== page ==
Tepco, the firm which runs the Fukushima nuclear plant, has discovered radioactive water is seeping into the ground around the power station. The leak was discovered yesterday by an employee, the firm said in a statement, and has been categorized as a Level 1 leak on the INES (International Nuclear and Radiological Event Scale), which is the lowest threat level. The news comes just four weeks after the news that contaminated water was already present in the man-made harbor surrounding the plant.
This warning is the first time the country has declared an incident on the INES scale since the disaster. To put the scale into perspective, Level 0 means no safety significance, Levels 1-3 are seen as an incident, while 4-7 are "accidents." Masayuki Ono, general manager of Tepco, says, "we found a radiation level strong enough to give someone a five-year dose of radiation within one hour."
Tepco, short for the Tokyo Electric Power Company, is not known for its transparency over safety issues surrounding the plant, which was crippled in the tsunami two and a half years ago. Its admission last month was followed by more detail from the head of the Nuclear Regulatory Authority, that 300 tons of contaminated water was entering the ocean every day. This, as National Geographic points out, is enough to fill an Olympic-sized swimming pool every eight days.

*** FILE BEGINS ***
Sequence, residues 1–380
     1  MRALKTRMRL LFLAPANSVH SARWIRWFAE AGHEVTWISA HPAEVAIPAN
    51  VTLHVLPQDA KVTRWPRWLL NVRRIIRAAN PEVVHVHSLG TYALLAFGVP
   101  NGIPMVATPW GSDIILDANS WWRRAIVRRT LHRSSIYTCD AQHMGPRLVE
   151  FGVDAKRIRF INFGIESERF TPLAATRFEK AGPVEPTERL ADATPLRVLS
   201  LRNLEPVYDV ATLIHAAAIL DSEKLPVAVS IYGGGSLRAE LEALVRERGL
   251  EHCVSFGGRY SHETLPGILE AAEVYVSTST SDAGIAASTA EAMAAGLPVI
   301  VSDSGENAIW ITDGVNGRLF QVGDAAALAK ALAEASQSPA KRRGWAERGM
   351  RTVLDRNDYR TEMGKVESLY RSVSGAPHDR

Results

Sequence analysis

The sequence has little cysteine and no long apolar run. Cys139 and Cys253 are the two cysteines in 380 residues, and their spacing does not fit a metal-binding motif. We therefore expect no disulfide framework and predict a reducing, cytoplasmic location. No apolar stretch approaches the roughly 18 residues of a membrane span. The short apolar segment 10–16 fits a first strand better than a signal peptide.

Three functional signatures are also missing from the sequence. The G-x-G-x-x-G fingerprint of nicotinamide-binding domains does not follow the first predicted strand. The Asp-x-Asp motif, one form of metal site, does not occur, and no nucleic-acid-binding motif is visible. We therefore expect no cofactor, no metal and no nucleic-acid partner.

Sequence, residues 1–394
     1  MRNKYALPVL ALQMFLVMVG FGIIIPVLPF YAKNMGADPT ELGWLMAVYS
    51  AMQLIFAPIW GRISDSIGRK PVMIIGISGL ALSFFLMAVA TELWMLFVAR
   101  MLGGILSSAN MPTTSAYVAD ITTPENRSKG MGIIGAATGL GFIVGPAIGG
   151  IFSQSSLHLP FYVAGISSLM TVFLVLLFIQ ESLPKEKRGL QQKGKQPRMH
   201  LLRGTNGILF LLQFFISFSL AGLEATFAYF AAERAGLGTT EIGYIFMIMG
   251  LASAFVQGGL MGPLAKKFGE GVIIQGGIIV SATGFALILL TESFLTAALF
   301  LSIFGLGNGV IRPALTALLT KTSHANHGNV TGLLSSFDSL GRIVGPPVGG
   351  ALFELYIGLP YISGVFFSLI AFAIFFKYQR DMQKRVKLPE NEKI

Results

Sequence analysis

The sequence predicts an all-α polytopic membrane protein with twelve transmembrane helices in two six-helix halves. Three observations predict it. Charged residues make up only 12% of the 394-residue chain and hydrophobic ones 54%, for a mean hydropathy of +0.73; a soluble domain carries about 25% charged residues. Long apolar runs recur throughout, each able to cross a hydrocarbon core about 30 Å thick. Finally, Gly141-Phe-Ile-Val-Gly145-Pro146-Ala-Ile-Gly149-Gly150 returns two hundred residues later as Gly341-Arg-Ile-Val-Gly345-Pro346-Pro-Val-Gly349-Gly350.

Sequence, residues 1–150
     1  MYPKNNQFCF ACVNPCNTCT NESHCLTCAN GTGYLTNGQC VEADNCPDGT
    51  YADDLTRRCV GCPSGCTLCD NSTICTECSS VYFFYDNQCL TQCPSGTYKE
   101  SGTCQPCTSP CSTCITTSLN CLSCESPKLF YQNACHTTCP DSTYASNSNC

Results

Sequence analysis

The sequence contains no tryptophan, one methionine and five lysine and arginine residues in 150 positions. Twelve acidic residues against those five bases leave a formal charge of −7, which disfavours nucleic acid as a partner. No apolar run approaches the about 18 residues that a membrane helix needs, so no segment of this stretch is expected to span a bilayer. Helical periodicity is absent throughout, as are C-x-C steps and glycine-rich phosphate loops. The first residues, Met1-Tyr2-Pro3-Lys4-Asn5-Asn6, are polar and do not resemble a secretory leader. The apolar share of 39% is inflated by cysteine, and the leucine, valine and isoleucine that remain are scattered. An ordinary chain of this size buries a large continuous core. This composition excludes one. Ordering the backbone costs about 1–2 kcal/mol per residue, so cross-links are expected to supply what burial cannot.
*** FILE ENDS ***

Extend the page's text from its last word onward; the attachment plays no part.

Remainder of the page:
The government's new P.M. Shinzo Abe is hoping to restart the country's nuclear energy program—there are 50 nuclear reactors in Japan—in an attempt to balance the books. Pressing the green button in the nuclear control room is seen as a more economically viable option than importing expensive fossil fuels—although there is an alternative plan for using renewables that is thought to be just as sustainable.
[Image: Flickr user Sascha Erni]